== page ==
and they STILL have wrecks. They'd be reckless if they were parked in a
(sorry, couldn't resist!"
Puckdropper <puckdropper(at)yahoo(dot)com> wrote in
Hmm, not sure if that's a FRA requirement or not - it's been a
while since I was involved with that stuff, and there's two
different things the government calls "high speed" (one being
anything over the normal 79mph limit, and the other being Acela
style 150mph speeds) which have different rules.
Definately all forms of high speed require enhanced signalling
and grade crossing control, with Acela speeds needing grade
seperation. And now, of course, PTC will be required.
As a practical matter, you'd use concrete ties, whether required
by regulation or not.
In the case of trains it's because the Federal regs use the
phrase "less than". Passenger trains must operate at less
than 80mph. So the railroads, logically enough, set 79mph as
the speed limit. In cases where the Fed rules don't apply,
they use multiples of 5 like everyone else.
Those overlapping route numbers are a pain...at least on a
paper map they print them both, I dunno how people that
depend on Google Maps and the like survive, because they
often only show one. (worst is in NC where I-74 overlaps
with US74, something the designers of the Interstate system
specifically set things up to avoid, but apparently the NC
DOT didn't read the manual).
Noted. I hope some day to be able to spend more time out
there just looking around...I'd like to take US60 across
thru Clovis and Belen and then look around Albuquerque.
Was out there on business years ago and couldn't make any
time for sightseeing...
Never taken it but interesting you mention NC as we were in VA/TN for
30+ yr before returning to family farm so all the kids grew up back
there; only the eldset, the elder son was born before we left school in
KS. He is in Raleigh so been over there a fair amount. US 64 meanders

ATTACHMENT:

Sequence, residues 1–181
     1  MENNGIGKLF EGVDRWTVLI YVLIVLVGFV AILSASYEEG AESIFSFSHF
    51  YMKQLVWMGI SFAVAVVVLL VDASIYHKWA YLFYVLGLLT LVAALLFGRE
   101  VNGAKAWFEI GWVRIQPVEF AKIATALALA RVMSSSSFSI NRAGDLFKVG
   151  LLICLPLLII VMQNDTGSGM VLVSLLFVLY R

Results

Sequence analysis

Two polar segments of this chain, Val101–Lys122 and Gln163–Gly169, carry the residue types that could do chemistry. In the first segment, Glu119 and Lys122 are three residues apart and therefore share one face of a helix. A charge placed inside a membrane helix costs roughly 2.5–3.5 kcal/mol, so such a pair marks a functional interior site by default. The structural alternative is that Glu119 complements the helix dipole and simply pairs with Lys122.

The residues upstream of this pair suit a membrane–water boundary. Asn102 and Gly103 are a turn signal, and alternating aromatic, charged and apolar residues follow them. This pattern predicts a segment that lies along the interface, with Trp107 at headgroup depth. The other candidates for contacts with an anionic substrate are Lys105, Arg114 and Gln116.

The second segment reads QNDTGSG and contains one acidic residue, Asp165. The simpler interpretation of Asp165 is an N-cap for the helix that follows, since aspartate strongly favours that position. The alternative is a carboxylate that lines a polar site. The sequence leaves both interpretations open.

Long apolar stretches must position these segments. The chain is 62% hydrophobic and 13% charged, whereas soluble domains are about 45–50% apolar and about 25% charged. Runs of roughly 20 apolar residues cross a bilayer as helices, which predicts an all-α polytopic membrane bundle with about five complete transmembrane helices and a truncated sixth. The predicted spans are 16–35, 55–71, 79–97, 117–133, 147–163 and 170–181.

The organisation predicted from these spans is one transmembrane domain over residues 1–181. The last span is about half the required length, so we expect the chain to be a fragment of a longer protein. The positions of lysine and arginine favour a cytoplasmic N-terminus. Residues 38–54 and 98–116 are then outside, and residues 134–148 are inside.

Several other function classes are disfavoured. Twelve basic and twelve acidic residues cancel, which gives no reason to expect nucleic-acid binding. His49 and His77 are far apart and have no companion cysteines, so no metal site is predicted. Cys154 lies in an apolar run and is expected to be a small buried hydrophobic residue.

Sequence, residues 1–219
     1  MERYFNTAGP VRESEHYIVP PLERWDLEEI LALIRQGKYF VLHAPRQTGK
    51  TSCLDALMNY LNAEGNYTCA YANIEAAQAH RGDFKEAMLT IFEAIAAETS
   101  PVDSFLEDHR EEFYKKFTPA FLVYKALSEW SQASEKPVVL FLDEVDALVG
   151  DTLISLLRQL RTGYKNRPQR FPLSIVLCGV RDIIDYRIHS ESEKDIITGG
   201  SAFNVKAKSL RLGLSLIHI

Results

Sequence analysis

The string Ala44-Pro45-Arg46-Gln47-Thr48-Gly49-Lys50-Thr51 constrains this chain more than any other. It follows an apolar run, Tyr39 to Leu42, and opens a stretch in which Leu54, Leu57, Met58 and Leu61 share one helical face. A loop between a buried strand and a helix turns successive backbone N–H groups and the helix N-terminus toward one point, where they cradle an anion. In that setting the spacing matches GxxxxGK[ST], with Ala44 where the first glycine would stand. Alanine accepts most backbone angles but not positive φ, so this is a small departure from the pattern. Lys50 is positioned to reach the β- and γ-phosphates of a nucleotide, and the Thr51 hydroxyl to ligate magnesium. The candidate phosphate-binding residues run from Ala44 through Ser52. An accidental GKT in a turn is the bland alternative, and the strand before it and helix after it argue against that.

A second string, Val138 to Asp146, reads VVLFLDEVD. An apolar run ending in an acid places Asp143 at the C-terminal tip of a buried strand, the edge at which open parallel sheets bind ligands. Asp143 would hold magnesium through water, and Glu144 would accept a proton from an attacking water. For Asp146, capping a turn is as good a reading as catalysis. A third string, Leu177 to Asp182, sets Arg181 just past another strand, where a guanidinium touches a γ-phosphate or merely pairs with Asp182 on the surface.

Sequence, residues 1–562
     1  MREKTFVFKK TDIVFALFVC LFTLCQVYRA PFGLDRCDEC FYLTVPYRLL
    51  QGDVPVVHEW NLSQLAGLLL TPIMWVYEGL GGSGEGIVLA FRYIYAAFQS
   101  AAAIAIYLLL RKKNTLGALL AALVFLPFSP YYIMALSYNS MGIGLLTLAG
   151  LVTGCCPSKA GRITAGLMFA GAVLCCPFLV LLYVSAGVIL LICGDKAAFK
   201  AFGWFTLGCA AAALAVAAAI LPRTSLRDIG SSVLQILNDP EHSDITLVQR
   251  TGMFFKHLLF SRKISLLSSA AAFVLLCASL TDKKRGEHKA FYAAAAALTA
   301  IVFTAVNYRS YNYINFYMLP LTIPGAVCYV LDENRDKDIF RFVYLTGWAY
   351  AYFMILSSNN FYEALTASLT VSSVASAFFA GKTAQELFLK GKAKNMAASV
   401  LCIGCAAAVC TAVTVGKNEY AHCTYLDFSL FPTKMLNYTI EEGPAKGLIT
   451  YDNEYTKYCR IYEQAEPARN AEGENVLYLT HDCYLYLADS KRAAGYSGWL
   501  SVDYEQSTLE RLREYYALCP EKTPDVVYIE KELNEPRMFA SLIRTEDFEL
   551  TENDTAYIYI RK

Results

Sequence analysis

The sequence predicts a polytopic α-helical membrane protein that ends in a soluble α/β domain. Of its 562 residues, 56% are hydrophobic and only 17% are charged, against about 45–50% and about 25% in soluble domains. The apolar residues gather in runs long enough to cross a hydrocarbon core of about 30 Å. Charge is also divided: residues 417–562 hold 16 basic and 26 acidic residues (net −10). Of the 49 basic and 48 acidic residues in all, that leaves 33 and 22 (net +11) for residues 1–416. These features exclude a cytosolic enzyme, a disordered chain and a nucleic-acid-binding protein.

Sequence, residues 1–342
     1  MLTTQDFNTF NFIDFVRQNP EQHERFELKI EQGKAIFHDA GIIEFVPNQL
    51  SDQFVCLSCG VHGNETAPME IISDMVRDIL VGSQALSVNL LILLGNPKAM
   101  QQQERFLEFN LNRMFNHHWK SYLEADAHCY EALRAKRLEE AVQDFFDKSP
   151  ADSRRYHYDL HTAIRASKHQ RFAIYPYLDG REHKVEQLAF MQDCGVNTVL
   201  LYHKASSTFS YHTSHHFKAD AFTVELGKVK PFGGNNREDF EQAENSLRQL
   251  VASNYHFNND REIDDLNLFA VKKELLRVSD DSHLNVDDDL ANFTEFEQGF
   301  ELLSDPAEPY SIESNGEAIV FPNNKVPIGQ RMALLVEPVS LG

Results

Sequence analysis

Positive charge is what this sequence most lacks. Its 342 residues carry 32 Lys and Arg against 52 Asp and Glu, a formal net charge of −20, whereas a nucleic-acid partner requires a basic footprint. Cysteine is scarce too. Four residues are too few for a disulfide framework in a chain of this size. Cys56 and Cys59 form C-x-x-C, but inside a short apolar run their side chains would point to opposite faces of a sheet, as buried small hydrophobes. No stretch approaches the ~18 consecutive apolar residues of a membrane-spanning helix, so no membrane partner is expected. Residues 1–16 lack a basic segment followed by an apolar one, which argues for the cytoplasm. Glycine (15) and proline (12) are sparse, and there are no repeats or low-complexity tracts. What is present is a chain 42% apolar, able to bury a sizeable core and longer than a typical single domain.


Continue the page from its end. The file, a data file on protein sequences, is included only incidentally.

all across the country and ends up its eastern terminus on Roanoke Island...
Spent quite a lot of time w/ Duke Power as started w/ the reactor vendor
for the Oconee station and was there for startup of Unit 1 then went the
consulting gig but continued to work for the B&W owners utilities for
years afterwards before eventually drifting over to mostly fossil as
nuclear work became more competitive and tiring to deal with the
increasing bureaucracy burdens...
Just out of curiosity, where in S TX are you starting from??? Possible
to suggest other touring guidelines, perhaps knowing starting point... :)
Mother's side of family settled in "The Valley" in the '30s around
McAllen/Pharr. Still have family on that home place and scattered from
there northwards. Don't get down there much; last and farthest we made
was a reunion in Bay City in fall of '98 while were still in TN.
I hear you on the regulatory burden - altho in fairness, the
scale of the problem when things go wrong with nuclear does
justify an excess of caution.
On the fossil side, I recall Duke being noteworthy for the
high efficiency of their powerplants back in the early 80s.
Dunno if that's still the case, or if everyone else has
I'm actually starting from the pointy end of Florida (Ft
I have family in Austin, and family in Ft Collins, and every
so often I take I long vacation and drive to both. There's
still a lot of alternative routes for sightseeing out west
(I've pretty much worn out all the alternatives in Fla).
It really was not so much the nuclear safety that was the problem, it
was the increased security practices and layers of duplication (even
before 9/11) that just made trying to work such a pita, especially for
offsite contractors it just became to be more trouble than it was worth
in my view when there was as stimulating work in the fossil side where
all one had to do was walk in once had site clearance...